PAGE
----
Support for the U.S.-Colombia Trade Agreement

    Statements of support for the U.S.-Colombia Trade Agreement from various elected officials, the business community, and advocacy groups can be found below.

     

    Visit Your Government Trade Partners

    Visit USTR's partners across the federal government to learn more about their part in the trade agreement.

    Department of Agriculture Seal     Department of Agriculture

    Commerce Seal     Commerce Department

    Labor Department Seal     Department of Labor

    OMB Seal     Office of Management and Budget

    Export Import Bank Seal      Export-Import Bank

    SBA Seal      Small Business Administration

    OPIC Seal      Overseas Private Investment Corp.

    USTDA Seal      Trade and Development Agency

    State Department Seal      State Department

    Services in the U.S.-Colombia Trade Promotion Agreement

    Trade Agreement Home  •  Key Facts  •  Labor Action Plan  •  Your Community

    SatteliteThe United States is highly competitive in services trade – providing information and communications technology services, wholesale and retail distribution, express delivery services, energy and environmental services, professional services (such as legal, accounting, architecture, and engineering services), and financial services to customers all over the world. As a result, America is consistently able to export more services than we import every year – despite sometimes-significant trade barriers abroad. The United States already has very few barriers to the import of services – so when we strike trade agreements, a huge benefit comes from requiring our trading partners to provide Americans with equivalent access to their services markets. In fact, the U.S. trade surplus in services is 25 percent higher with trade agreement partners than with other countries.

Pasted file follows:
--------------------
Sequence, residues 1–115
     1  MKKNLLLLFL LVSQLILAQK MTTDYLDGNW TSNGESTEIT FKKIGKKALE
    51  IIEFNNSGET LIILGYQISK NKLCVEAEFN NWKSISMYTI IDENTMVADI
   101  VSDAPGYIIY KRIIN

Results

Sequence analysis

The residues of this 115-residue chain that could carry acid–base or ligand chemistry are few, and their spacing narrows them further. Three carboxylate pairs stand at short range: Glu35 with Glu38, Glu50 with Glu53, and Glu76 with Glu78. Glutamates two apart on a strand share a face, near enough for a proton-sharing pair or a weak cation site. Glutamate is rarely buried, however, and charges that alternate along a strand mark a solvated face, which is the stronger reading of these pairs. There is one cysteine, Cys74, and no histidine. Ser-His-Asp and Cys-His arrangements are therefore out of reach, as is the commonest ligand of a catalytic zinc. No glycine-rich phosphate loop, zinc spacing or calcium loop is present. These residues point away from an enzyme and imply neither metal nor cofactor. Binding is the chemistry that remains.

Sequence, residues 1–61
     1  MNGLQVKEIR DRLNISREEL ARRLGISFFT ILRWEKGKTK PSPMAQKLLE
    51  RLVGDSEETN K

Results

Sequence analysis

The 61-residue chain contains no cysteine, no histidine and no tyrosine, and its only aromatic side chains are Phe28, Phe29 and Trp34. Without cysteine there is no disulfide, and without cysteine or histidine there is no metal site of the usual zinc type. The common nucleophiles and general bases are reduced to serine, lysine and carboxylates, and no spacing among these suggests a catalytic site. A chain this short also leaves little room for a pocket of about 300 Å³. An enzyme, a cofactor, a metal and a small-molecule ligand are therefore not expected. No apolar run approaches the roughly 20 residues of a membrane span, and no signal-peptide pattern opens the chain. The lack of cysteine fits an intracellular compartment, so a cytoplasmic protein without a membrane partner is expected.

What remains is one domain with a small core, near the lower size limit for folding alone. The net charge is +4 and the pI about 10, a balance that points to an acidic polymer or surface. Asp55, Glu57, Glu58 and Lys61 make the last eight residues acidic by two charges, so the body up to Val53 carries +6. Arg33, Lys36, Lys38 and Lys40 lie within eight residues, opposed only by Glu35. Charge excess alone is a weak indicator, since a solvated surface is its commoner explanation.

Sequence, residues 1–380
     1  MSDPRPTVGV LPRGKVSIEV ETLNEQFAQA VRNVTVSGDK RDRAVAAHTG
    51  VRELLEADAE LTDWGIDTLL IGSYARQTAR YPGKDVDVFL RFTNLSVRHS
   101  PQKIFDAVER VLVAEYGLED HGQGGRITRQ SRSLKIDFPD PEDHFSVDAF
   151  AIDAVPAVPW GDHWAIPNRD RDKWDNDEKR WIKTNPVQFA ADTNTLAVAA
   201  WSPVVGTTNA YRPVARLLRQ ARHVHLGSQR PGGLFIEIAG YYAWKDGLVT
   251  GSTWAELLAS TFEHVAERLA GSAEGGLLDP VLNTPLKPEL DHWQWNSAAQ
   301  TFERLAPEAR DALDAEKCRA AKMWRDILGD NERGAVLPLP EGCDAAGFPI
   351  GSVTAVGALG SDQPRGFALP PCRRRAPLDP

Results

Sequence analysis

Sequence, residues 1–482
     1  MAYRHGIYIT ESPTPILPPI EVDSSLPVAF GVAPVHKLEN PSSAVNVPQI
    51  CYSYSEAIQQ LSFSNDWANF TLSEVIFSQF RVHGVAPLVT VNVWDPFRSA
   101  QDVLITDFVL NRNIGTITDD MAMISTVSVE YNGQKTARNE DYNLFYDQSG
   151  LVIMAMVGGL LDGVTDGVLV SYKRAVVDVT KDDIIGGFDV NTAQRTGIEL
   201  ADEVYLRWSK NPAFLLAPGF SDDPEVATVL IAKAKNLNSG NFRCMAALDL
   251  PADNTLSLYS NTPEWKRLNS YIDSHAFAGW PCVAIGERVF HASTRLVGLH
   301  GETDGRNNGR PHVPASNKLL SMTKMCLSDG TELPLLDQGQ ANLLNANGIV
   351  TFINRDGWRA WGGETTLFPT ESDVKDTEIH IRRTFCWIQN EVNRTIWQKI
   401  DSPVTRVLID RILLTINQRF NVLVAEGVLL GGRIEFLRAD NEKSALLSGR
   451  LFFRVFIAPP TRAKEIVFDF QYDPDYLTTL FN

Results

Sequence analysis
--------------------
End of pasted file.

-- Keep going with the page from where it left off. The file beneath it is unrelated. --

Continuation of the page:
Colombia has a substantial services market with considerable room for growth. Services represent about $166 billion of the Colombian economy. Leading sectors include energy, environmental, financial, and information technology services.

    KEY ELEMENTS

    • The Agreement requires Colombia to match the level of openness provided by the United States in a host of sectors, ranging from energy and environmental services to financial services and distribution. Colombia agreed to exceed commitments it made in the WTO, and to provide new access in professional services that previously had been reserved exclusively to Colombian nationals. Colombia also agreed to eliminate requirements to establish a branch in order to provide a service, as well as penalties imposed on U.S. companies for terminating their relationships with local commercial agents. The Agreement also guarantees continued access for international and domestic express delivery services.

    • The Agreement’s provisions on cross-border services, telecommunications, and electronic commerce offer particular benefits to the information and communications technology service sector – an area where the United States excels – by working together to ease the flow of trade in services and products delivered over telecommunications networks. These provisions benefit the many U.S. small and medium-sized enterprises that are on the forefront of innovation, but that do not have the resources to establish an office in every market they serve.

    • The Agreement guarantees U.S. service suppliers the right to compete with Colombian service providers on a level playing field, by prohibiting discriminatory treatment of U.S. suppliers in the legal or regulatory arenas. As with all U.S. trade agreements, the Agreement also respects the right of both the American and Colombian governments to regulate and introduce new regulations, with protections for situations where regulators may need to take actions to protect key domestic interests such as financial stability or the environment, or to comply with other key domestic laws.

    • The Agreement provides comprehensive coverage of Colombia’s services market, addresses all modes of supply – whether services are delivered cross-border or through a direct commercial presence in Colombia – and will apply to new and innovative services that may develop as markets evolve. Any limitations on market access in services are clearly defined, which provides legal certainty for U.S. firms seeking to supply services to the Colombian market.